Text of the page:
Our 2021 Backyard Compost Bin Give Away starts this April! Sign up for Your Free Bin!

TVCR was awarded a $14,000 Idaho Department of Environmental Quality (DEQ) Grant to encourage Teton Valley residents to reduce food waste at every step of the way. We will be devoting a newsletter series to Food Waste Reduction, and we will be giving away 500 free backyard compost bins to Teton Valley community members, including you!  We’ll be offering training on how to succeed with your compost and we’ll help you troubleshoot any issues. In return, you’ll keep track of how much food waste you divert for one month so we can quantify the impact of backyard composting in our region to divert food waste from the landfill.

CLICK HERE to get your FREE BIN. We’ll also give you helpful tips and ideas on how to reduce food waste.

Organic Waste Recovery or Turning Your Old Banana Peels in Something Amazing

According to the US Environmental Protection Agency, about 38 percent of municipal solid waste in the United States consists of food waste, yard waste, and wood waste. All of these materials are organic and could be spared from the landfill through source reduction, redistribution, reuse, and composting. Do you want to cut your organic waste and your waste disposal bills? Good. Check out these helpful tips.

Would you like a free backyard compost bin? We’re giving away 500 bins in 2021. CLICK HERE to get your FREE BIN. We’ll also give you helpful tips and ideas on how to reduce food waste.

Sort Wood Waste

Teton County wants your wood waste. Clean, untreated wood is chipped and used in the county’s composting operation, which transforms approximately 70 tons of dead livestock and waste from meat processing facilities into soil a year. The biggest challenge is getting enough wood chips to use in the operation. Please bring your brush and clean, untreated wood to the sorted piles at the Transfer Station to continue making this program a success.

Sorted waste only costs $15/ton at the Transfer Station compared to $210/ton for unsorted waste, so it really pays to separate your yard waste, scrap wood, scrap metal, noxious weeds, recycling and much more. Wood and yard waste is chipped and used in the County’s animal carcass composting program.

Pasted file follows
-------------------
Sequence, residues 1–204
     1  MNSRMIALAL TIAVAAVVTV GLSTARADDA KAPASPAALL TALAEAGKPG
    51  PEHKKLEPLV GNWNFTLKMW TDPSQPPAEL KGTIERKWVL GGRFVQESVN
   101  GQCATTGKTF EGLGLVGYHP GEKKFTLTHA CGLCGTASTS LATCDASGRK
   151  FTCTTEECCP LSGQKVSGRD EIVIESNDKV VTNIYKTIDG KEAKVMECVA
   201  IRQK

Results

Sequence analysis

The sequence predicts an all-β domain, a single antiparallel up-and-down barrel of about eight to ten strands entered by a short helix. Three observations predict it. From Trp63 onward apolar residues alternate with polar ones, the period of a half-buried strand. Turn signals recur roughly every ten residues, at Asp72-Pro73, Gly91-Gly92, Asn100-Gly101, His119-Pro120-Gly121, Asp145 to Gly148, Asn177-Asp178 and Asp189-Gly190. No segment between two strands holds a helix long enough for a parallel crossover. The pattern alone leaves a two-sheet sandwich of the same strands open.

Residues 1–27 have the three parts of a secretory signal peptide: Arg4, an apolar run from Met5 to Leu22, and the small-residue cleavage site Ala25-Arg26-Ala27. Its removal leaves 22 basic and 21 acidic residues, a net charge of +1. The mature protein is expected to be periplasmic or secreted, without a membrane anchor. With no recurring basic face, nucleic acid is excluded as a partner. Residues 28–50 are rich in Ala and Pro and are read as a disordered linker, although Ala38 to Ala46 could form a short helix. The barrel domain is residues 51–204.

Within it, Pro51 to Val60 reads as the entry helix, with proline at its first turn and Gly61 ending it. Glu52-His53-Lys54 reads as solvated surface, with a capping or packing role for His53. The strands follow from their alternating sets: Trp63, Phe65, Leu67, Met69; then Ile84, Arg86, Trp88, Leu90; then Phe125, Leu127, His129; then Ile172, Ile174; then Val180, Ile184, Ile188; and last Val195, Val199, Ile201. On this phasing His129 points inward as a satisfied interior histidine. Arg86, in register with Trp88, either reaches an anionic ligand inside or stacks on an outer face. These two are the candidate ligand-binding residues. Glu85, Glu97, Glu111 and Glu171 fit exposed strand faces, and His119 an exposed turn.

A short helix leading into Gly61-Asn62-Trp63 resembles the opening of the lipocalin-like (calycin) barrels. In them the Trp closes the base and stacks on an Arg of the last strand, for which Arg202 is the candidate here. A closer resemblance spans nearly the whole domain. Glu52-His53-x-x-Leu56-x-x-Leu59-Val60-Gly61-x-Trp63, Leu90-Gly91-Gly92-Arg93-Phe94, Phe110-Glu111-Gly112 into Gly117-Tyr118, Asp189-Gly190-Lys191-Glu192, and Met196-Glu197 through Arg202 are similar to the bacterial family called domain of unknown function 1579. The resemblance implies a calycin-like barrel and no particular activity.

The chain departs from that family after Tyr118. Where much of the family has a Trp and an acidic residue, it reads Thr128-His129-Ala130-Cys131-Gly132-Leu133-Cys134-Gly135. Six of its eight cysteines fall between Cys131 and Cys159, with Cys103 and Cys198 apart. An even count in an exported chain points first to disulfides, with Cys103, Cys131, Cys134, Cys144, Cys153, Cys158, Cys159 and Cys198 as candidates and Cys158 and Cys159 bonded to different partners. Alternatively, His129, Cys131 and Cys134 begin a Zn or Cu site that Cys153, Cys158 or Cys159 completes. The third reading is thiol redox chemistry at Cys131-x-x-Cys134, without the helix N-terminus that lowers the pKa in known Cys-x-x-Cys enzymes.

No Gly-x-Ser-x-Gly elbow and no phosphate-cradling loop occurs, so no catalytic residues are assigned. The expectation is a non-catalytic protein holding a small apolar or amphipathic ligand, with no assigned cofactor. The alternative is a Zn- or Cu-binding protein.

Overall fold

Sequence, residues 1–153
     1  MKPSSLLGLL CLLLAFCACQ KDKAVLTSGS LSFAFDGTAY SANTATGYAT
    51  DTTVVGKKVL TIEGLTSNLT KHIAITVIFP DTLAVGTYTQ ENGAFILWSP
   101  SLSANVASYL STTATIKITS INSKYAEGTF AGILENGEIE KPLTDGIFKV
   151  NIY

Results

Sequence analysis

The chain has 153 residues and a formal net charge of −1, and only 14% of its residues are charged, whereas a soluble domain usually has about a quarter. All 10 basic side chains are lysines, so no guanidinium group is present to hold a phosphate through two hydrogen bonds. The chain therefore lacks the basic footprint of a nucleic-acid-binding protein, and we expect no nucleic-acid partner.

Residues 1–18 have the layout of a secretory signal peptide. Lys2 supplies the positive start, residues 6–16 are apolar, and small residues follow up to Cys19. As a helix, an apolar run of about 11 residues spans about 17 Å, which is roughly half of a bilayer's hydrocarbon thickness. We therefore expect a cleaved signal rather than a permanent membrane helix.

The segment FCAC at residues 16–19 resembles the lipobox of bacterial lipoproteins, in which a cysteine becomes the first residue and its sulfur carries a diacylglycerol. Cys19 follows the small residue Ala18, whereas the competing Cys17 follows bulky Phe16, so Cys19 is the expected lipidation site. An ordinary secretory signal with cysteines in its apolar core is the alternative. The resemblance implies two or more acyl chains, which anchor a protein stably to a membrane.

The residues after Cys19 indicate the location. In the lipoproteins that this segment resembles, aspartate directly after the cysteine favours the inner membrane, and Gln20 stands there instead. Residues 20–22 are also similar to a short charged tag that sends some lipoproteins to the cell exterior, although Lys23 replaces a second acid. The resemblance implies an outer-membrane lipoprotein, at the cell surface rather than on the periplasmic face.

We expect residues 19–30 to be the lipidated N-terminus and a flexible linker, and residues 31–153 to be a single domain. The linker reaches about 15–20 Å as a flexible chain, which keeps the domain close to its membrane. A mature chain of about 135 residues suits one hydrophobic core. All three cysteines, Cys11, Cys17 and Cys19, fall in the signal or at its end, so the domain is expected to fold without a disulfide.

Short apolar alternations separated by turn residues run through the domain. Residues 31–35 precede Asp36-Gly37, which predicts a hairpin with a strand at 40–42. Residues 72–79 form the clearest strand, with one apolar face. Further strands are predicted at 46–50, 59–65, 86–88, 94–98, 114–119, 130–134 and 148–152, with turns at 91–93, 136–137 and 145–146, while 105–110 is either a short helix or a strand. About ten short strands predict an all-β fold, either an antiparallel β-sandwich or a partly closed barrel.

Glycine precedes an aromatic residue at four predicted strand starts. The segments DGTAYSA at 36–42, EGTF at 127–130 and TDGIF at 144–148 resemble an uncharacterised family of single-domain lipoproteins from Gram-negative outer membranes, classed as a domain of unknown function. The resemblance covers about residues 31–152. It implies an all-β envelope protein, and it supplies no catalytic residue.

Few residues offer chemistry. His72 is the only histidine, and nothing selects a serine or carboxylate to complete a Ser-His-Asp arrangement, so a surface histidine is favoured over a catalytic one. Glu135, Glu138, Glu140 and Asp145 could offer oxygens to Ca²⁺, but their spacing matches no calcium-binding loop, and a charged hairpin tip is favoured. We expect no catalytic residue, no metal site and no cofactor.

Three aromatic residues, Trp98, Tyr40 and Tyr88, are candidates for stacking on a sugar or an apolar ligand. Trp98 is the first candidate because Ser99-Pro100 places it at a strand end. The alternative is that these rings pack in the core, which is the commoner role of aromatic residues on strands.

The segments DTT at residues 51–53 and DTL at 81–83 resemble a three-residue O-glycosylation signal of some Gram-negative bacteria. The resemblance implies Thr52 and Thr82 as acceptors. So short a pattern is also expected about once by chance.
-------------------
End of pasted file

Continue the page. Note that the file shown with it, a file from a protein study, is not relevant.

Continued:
It is illegal to burn treated wood products in Idaho.

 

Teton Valley Community Recycling and RAD are happy to help you reduce construction waste. The easiest method is to SORT and separate your construction materials rather than mixing them all in one dumpster.  Sorted items delivered to the Transfer Station and put in the appropriate piles (scrap wood, scrap metal, yard waste, inert construction material) incur a cost of $15/ton as opposed to the unsorted waste fee of $210/ton – more than a 10 fold difference. It really pays to sort. Watch a short video on how to do it and download the list of Sorted Construction Materials.

Scrap wood and construction materials from the C&D pit can be salvaged every Friday for a $10 fee. Scrap metal is sold at the market rate and can also be salvaged on Fridays. Download the Salvage Permit here and pay at the Transfer Station Scale House.

Compost Yard Waste

Yard waste is easy to compost at home. Mulching mowers are the easiest way to reuse grass clippings. However, a simple compost bin made of wood pallets can divert and compost organic waste from your yard and garden with minimal maintenance.

Brush can be sorted and disposed of at the Transfer Station, where it will be chipped and reused. Yard waste and manure can also be sorted and disposed of at the Transfer Station where it is composted.

Noxious weeds can be delivered to a separate “Hot Compost” pile which thoroughly cooks all of the weed seeds.

Reduce, Redistribute, and Compost Food Waste

We are not able to compost at the county level yet. However, TVCR encourages residents to compost their own food waste.

 

compostingclass1Reduce food waste at the source by sticking to foods you know and love, choosing smaller portion sizes or using smaller serving plates, storing food properly, and considering secondary uses for leftovers.

 

Feed hungry people by donating excess food to the Teton Valley Food Pantry. Feed livestock by partnering with TVCR to connect food waste producers with local farmers. This is most appropriate for restaurants and industrial kitchens, but households could also partner with neighbors who have chickens or hogs.